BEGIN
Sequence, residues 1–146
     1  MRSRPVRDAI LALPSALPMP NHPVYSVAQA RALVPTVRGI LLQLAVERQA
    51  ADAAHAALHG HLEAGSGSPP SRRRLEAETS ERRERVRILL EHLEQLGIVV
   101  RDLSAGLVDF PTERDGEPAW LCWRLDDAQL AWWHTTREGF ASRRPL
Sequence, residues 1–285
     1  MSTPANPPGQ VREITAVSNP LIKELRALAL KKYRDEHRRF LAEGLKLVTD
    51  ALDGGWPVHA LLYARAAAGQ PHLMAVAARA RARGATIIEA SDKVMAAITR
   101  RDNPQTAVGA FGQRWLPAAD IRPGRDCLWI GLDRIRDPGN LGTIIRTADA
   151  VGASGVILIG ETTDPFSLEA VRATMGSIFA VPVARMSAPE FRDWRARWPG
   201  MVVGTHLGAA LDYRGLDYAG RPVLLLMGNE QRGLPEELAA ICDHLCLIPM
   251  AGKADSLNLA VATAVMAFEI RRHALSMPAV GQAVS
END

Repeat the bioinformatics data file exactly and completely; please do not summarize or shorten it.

Sequence, residues 1–146
     1  MRSRPVRDAI LALPSALPMP NHPVYSVAQA RALVPTVRGI LLQLAVERQA
    51  ADAAHAALHG HLEAGSGSPP SRRRLEAETS ERRERVRILL EHLEQLGIVV
   101  RDLSAGLVDF PTERDGEPAW LCWRLDDAQL AWWHTTREGF ASRRPL
Sequence, residues 1–285
     1  MSTPANPPGQ VREITAVSNP LIKELRALAL KKYRDEHRRF LAEGLKLVTD
    51  ALDGGWPVHA LLYARAAAGQ PHLMAVAARA RARGATIIEA SDKVMAAITR
   101  RDNPQTAVGA FGQRWLPAAD IRPGRDCLWI GLDRIRDPGN LGTIIRTADA
   151  VGASGVILIG ETTDPFSLEA VRATMGSIFA VPVARMSAPE FRDWRARWPG
   201  MVVGTHLGAA LDYRGLDYAG RPVLLLMGNE QRGLPEELAA ICDHLCLIPM
   251  AGKADSLNLA VATAVMAFEI RRHALSMPAV GQAVS